Contrary to what you might think, it is not true that our government in Lansing can’t do anything. Why, just yesterday, the governor reappointed four members to the Michigan Carrot Commission.
And the state House of Representatives unanimously voted to retroactively recognize last Sunday as Airborne Day, whatever that means.
It’s just that state government can’t do anything meaningful.
Yesterday, one more attempt at trying to fix our dreadful roads fell apart, both because of ideological blindness -- and common sense.
The latest idea was to come up with $1.2 billion a year for the roads by raising $600 million in new revenue and cutting the state’s general fund by the same amount for the foreseeable future.
However, there are more than a dozen Republicans who have taken a pledge never to raise taxes for any reason, no matter how great the need. And to his credit, Governor Rick Snyder got into the act, recognizing this was far too great a cut to the general fund.
That would have almost certainly done terrible damage to education and foster care and whatever social programs have survived after years of tax and budget cuts.
The governor thought more new revenue had to be found. But the ideologues were never going to go for that. This meant that any plan would need a lot of votes from Democrats.
Democrats understandably had conditions. The Health Insurance Claims Assessment needs more money to sustain Medicaid spending.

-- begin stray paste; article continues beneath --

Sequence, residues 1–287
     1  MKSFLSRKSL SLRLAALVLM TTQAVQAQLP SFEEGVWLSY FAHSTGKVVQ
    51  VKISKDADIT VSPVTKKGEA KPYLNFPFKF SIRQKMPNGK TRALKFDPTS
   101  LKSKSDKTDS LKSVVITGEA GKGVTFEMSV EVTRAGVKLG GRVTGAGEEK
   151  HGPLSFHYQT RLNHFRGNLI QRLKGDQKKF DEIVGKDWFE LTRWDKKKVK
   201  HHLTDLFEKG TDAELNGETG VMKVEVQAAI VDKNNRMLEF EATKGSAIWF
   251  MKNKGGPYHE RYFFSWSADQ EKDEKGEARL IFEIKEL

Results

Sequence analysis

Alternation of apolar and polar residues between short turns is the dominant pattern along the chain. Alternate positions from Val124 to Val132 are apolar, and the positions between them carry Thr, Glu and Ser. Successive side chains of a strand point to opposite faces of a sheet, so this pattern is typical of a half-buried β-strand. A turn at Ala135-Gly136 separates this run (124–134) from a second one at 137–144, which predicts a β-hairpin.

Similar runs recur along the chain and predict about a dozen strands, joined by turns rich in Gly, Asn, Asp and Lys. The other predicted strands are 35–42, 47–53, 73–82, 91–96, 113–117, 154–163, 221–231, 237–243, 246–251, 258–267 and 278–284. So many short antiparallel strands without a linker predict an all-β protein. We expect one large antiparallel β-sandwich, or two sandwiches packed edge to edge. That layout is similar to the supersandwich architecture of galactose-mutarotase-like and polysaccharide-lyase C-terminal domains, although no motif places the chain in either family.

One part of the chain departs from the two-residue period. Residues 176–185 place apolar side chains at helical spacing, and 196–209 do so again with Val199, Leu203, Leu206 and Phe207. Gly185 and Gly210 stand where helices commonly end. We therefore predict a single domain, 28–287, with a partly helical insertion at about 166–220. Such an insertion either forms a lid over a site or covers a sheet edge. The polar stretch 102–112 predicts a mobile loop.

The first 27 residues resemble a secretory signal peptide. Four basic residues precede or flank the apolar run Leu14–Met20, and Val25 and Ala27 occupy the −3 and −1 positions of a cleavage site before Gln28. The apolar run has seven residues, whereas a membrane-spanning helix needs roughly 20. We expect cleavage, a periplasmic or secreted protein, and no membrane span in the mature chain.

Republicans weren’t willing. They also wanted Senate Majority Leader Arlan Meekhof to give up attempts to repeal paying prevailing union-scale wages for state construction jobs.
Meekhof would no more do that than a Muslim would give up the Koran. So, eventually, the conference committee gave up on its efforts to get a road bill passed that night.
Ironically, if they had reported out any bill, it would have looked remarkably like Proposal One – loaded down with other stuff.
So once again, the gang who can’t shoot at all failed to make any progress on the issue that voters care about most. It is tempting to wish that some billionaire would appear and lead a free-spending effort to recall every member of the Legislature.
But there’s another solution. We should outlaw the words “tax” and “revenue increase” on pain of death, and talk about “user fees.”
I say, pass a bill saying Michigan is going to assess a new 30 cent a gallon user fee on every gallon of gasoline, all of which has to go to fix the roads. This would totally solve the problem, and be barely noticed. After all, the price at the pump has varied by a much as a dollar and a half a gallon since January – and it is still a dollar less than it was eight years ago.
Even doctrinaire conservatives usually accept user fees, for things like hunting licenses. Well, that’s what this would be – a solution that is simple, easy and, for once, right.
By the way, I’d pay far more than most; I drive more than 30,000 miles a year. But I’d still end up saving money with better roads. And Michigan would again find it easier to attract new business. We desperately need our lawmakers to do the right thing.
Jack Lessenberry is Michigan Radio's political analyst. Views expressed in his essays are his own and do not necessarily reflect those of Michigan Radio, its management or the station licensee, The University of Michigan.